Though it has been out since June, I just today came across an interview with Tim Berners-Lee on the Semantic Web that was conducted by Andrew Updegrove for the Consortium Standards Bulletin. I highly recommend this piece for any interested in an insider’s view to the creation and use of the semantic Web. Here are some highlights. All are direct quotes from Berners-Lee.
Here are some excerpts relating to the vision of the semantic Web:
The goal of the Semantic Web initiative is to create a universal medium for the exchange of data where data can be shared and processed by automated tools as well as by people. The Semantic Web is designed to smoothly interconnect personal information management, enterprise application integration, and the global sharing of commercial, scientific and cultural data.
Many large-scale benefits are, not surprisingly, evident for enterprise level applications. The benefits of being able to reuse and repurpose information inside the enterprise include both for savings and new discoveries. And of course, more usable data brings about a new wave of software development for data analysis, visualization, smart catalogues… not to mention new applications development. The point of the Semantic Web is in the potential for new uses of data on the Web, much of which we haven’t discovered yet.
As for status of the initiative, Berners-Lee directly addresses some critics by emphasizing the importance of automated tools and not author tagging:
It’s not about people encoding web pages; it’s about applications generating machine-readable data on an entirely different scale. Were the Semantic Web to be enacted on a page-by-page basis in this era of fully functional databases and content management systems on the Web, we would never get there. What is happening is that more applications — authoring tools, database technologies, and enterprise-level applications — are using the initial W3C Semantic Web standards for description (RDF) and ontologies (OWL).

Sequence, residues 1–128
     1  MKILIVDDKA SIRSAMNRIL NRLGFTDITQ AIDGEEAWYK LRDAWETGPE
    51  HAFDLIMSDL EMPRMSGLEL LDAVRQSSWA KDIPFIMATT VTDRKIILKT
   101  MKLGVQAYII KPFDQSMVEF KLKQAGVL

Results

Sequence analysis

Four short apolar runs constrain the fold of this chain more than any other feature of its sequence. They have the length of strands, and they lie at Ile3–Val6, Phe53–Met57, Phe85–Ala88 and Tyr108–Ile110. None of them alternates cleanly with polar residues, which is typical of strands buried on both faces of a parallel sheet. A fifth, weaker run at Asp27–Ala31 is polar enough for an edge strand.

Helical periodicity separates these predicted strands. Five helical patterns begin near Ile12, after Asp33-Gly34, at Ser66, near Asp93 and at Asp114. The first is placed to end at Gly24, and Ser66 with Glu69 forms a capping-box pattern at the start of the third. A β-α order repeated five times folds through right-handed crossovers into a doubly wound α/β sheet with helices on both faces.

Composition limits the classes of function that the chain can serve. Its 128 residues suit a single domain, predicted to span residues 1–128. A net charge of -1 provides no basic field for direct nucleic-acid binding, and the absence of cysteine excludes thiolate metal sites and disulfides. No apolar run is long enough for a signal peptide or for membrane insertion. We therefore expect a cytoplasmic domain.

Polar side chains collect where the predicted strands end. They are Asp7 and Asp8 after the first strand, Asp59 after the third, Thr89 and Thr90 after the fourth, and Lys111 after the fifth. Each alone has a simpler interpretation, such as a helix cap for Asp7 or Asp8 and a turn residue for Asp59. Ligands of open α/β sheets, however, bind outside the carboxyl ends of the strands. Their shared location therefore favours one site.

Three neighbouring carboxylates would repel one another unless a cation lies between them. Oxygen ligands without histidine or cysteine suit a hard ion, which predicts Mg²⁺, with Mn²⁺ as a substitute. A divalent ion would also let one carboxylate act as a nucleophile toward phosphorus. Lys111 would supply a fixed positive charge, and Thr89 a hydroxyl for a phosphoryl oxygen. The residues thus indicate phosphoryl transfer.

Berners-Lee goes on to say:
One of the criticisms I hear most often is, “The Semantic Web doesn’t do anything for me I can’t do with XML”. This is a typical response of someone who is very used to programming things in XML, and never has tried to integrate things across large expanses of an organization, at short notice, with no further programming. One IT professional who made that comment around four years ago, said a year ago words to the effect, “After spending three years organizing my XML until I had a heap of home-made programs to keep track of the relationships between different schemas, I suddenly realized why RDF had been designed. Now I used RDF and its all so simple — but if I hadn’t have had three years of XML hell, I wouldn’t ever have understood.”
Many of the criticisms of the Semantic Web seems (to me at least!) the result of not having understood the philosophy of how it works. A critical part, perhaps not obvious from the specs, is the way different communities of practice develop independently, bottom up, and then can connect link by link, like patches sewn together at the edges. So some criticize the Semantic Web for being a (clearly impossible) attempt to make a complete top-down ontology of everything.
Others criticize the Semantic Web because they think that everything in the whole Semantic Web will have to be consistent, which is of course impossible. In fact, the only things I need to be consistent are the bits of the Semantic Web I am using to solve my current problem.
The web-like nature of the Semantic Web sometimes comes under criticism. People want to treat it as a big XML document tree so that they can use XML tools on it, when in fact it is a web, not a tree. A semantic tree just doesn’t scale, because each person would have their own view of where the root would have to be, and which way the sap should flow in each branch. Only webs can be merged together in arbitrary ways. I think I agree with criticisms of the RDF/XML syntax that it isn’t very easy to read. This raises the entry threshold. That’s why we wrote N3 and the N3 tutorial, to get newcomers on board with the simplicity of the concepts, without the complexity of that serialization.
Some of the other insights in the interview is that early adoption is likely to be internally by enterprises on their intranets, that there will definitely be first-mover advantages for software applications that embrace RDF and OWL, and that a more widely embraced rules-based language (think of a successor to Prolog) may likely emerge.
Highly recommended reading!